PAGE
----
Graduate researchers

Corey Cribb

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Corey Cribb

PhD candidate in Screen and Cultural Studies, School of Culture and Communication, The University of Melbourne

Corey Cribb specialises in film theory and the continental philosophy of film. Focusing on the film-philosophies of Gilles Deleuze and Jean-Luc Nancy, his research considers the potential of modern cinema to perpetuate the non-mediated transformation of the world and occasion the ontological renewal of thought, bodies and ways of being-in-the-world. In part, this involves a consideration of the palpable influence of Maurice Blanchot’s literary ontology upon these thinkers, and the subsequent question of why Deleuze and Nancy maintain that the marked passivity (or worklessness) of modern cinema harbours unprecedented potential for ontological change and the restoration of belief in a world from which we are said to be absent. Beyond the notion of worklessness as “the most essential - the most romantic and the most modern - gesture in romanticism” (Watt, 2017, pp. 18), Corey’s research connects with the concerns of the ERCC by seeking to show how some of the most ground breaking developments in film theory today bear the influence of debates which can be traced back to German Idealism.

Email: ccribb@student.unimelb.edu.au

Todd Dearing

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Todd Dearing

PhD Candidate in English Literature, Flinders University, Adelaide

Todd Dearing’s work focuses on Romantic conceptions of human imagination, creativity, and genius and their relationship to contemporary literary criticism. He is currently completing his doctorate thesis on William Blake and the daimon as a literary trope, through a study of Blake’s magnum opus, Jerusalem: The Emanation of the Giant Albion as an allegory for literary practice. His broader research interests include German and English Romantic literature, art, and philosophy, post-humanism, contemporary literary criticism, and the links between cognitive science and literature.Todd is interested in the ERCC because it offers networks, events, and potential collaboration with scholars in areas of research similar to his own.

Email: todd.dearing@flinders.edu.au

Francesca Kavanagh

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Francesca Kavanagh

PhD Candidate in English and Theatre Studies, School of Culture and Communication, The University of Melbourne

Francesca Kavanagh specialises in eighteenth and nineteenth-century women’s reading and writing practices with a focus on material culture. She is also interested in the gothic and cultures of celebrity and fandom from Romanticism to the present. Her current project examines practices of letter-writing, annotation, and commonplacing from a range of women writers throughout the long eighteenth century and pairs this archival material with fictional accounts of these practices by Samuel Richardson and Jane Austen to elucidate the ways in which women in the long eighteenth-century used these textual practices in the production of textual and virtual spaces of intimacy. She currently has a journal article forthcoming in The Australasian Journal of Victorian Studies entitled "'Marianne Knight | Godmersham Park': Inscription as Community Interface in the Books of Jane Austen's Niece". She is interested in a number of the ERCC's current themes, including Actual Mixed and Virtual Realities and Worldliness, Cosmopolitanism, Globalisation, as well as opportunities for future collaborations.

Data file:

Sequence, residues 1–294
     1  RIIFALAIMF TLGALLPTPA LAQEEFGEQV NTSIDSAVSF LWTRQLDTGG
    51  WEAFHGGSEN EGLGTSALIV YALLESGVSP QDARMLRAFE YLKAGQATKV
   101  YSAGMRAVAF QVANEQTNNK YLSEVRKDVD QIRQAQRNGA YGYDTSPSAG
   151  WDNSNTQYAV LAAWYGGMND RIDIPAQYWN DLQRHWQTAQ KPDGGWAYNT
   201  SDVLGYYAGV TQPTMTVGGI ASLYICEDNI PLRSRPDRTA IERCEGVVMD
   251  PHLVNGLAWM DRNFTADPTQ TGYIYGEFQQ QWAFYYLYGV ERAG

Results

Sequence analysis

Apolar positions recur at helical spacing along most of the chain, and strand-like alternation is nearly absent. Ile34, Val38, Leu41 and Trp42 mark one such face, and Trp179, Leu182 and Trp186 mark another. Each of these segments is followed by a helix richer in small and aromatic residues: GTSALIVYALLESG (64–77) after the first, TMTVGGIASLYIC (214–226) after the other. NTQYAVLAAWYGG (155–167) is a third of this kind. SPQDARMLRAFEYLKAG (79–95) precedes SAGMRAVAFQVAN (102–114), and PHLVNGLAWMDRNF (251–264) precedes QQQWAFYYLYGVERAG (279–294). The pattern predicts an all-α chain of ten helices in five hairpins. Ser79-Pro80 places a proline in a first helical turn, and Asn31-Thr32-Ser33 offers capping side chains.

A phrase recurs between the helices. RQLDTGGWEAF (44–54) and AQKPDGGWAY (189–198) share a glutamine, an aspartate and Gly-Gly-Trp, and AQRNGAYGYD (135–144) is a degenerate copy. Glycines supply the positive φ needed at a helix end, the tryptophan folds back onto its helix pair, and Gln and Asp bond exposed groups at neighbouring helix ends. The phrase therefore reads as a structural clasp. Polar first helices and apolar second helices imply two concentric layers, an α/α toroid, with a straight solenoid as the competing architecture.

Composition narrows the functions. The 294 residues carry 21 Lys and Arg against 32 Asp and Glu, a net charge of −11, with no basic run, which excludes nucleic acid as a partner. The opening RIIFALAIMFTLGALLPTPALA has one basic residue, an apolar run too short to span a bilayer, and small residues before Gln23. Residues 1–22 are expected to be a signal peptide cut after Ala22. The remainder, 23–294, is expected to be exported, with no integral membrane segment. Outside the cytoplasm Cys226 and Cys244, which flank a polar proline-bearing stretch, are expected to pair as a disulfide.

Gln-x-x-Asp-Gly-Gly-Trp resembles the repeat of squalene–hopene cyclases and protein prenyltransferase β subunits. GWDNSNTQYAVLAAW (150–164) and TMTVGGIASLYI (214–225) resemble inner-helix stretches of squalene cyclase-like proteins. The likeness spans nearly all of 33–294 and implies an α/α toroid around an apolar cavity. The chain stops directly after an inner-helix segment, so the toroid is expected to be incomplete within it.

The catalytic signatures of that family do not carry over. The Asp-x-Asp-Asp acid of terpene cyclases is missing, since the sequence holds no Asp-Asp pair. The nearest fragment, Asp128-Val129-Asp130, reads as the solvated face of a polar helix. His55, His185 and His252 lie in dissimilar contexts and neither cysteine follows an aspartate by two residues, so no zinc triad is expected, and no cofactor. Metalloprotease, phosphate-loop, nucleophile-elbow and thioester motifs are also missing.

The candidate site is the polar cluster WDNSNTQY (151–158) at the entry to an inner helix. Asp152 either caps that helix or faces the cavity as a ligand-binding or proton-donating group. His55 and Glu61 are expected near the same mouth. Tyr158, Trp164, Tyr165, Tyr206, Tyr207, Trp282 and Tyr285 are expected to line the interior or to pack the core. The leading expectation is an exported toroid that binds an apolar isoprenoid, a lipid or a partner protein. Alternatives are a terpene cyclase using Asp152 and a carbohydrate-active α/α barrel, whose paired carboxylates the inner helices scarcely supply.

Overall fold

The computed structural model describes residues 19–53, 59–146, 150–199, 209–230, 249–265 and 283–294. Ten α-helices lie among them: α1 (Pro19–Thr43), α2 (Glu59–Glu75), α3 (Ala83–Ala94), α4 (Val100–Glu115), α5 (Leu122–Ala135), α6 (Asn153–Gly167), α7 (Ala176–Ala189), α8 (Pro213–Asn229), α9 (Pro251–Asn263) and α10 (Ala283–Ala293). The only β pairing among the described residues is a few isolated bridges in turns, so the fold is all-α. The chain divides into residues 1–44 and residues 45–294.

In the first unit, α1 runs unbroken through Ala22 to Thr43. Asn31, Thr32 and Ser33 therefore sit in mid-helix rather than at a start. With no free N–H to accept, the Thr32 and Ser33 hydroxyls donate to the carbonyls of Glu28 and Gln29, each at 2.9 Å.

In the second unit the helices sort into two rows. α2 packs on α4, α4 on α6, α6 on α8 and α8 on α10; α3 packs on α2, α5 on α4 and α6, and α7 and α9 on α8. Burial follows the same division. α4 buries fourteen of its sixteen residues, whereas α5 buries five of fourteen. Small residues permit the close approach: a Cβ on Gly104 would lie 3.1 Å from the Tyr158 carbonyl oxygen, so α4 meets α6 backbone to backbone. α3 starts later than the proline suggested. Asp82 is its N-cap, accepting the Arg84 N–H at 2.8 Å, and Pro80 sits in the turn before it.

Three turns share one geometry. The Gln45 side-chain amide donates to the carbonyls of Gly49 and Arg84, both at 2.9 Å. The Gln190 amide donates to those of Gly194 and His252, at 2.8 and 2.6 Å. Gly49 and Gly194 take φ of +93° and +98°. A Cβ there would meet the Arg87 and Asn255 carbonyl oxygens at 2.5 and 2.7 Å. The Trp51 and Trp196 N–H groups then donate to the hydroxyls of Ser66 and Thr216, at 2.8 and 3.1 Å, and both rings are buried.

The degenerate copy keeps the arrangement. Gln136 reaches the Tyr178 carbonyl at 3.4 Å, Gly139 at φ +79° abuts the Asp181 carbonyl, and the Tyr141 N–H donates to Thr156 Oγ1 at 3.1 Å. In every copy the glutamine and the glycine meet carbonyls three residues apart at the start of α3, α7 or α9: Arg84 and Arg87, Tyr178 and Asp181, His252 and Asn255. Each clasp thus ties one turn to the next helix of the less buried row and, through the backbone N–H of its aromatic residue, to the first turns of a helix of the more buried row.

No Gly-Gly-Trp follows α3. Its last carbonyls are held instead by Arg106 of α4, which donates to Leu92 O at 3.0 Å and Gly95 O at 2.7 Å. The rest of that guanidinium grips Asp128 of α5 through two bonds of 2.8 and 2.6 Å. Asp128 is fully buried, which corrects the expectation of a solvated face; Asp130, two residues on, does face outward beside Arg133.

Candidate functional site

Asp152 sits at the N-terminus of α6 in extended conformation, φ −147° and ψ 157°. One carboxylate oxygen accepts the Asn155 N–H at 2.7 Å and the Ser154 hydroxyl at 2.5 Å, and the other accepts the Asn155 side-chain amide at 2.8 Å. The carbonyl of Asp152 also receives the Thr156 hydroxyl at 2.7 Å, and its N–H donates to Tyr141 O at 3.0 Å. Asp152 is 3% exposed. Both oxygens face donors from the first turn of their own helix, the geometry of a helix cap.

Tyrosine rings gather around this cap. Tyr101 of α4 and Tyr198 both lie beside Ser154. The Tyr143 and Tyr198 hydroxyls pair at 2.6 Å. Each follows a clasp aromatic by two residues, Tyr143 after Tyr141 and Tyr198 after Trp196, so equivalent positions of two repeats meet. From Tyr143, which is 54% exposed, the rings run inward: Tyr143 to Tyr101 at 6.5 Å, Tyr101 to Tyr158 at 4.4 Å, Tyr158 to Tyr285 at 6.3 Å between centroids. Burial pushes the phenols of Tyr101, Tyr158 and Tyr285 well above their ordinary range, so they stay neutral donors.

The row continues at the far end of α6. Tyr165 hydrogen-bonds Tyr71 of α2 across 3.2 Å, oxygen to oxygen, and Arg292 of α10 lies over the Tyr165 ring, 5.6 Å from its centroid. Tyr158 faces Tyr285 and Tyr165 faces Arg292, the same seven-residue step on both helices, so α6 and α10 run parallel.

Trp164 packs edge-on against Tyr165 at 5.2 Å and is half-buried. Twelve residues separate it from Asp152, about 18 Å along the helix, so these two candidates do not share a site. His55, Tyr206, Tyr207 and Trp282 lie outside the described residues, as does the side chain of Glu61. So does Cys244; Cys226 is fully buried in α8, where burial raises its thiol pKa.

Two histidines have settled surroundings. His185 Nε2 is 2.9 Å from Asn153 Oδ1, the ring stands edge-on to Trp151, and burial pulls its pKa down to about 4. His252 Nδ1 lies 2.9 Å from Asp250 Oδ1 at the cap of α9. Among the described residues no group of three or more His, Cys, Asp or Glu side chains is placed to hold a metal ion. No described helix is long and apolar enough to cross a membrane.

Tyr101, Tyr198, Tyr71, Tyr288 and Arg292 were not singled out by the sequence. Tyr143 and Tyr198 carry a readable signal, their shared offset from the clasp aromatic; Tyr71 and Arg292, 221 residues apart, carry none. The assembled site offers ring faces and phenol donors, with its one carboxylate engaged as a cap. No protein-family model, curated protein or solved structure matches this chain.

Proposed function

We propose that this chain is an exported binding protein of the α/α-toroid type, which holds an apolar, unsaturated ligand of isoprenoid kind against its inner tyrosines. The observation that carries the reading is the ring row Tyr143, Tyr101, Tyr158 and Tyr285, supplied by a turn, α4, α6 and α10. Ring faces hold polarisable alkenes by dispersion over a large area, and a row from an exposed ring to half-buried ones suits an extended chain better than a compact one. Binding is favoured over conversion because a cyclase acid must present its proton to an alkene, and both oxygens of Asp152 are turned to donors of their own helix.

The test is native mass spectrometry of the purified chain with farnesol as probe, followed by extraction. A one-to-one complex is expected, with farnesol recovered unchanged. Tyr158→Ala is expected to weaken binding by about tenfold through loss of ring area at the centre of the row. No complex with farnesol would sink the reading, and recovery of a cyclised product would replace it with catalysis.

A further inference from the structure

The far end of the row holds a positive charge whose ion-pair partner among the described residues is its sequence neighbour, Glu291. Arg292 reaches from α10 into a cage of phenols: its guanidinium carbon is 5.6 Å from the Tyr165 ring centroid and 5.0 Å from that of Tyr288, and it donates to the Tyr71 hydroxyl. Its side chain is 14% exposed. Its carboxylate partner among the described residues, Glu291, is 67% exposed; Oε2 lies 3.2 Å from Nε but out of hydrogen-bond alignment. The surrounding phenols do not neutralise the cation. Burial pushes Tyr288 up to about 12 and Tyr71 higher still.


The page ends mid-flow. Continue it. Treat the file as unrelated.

Email: f.kavanagh@student.unimelb.edu.au

Samuel Watts

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Samuel Watts

PhD Candidate & Teaching Associate, School of Historical and Philosophical Studies, The University of Melbourne

Samuel Watts researches and writes about the experiences of African Americans in the Deep South during Reconstruction. His focus is on how formerly enslaved people interpreted ideas of freedom and citizenship in violently contested urban spaces, while working to construct and maintain lasting communities and networks. Additionally, Samuel is broadly interested in the historical legacies of racial discourse in the US, Australia and beyond. He currently has a book chapter in peer-review, entitled: “Reconstruction Justice: African American Police Officers in Charleston and New Orleans,” in Freedom’s Gained and Lost: Reinterpreting Reconstruction in the Atlantic World, eds. Simon Lewis and Adam Domby (New York: Fordham University Press, 2019 - forthcoming). He is interested in a number of ERCC projects, most notably those focused on slavery, and has an ongoing interest in the legacies of Enlightenment thought in debates about race, citizenship and revolution.

Email: sjwatts@student.unimelb.edu.au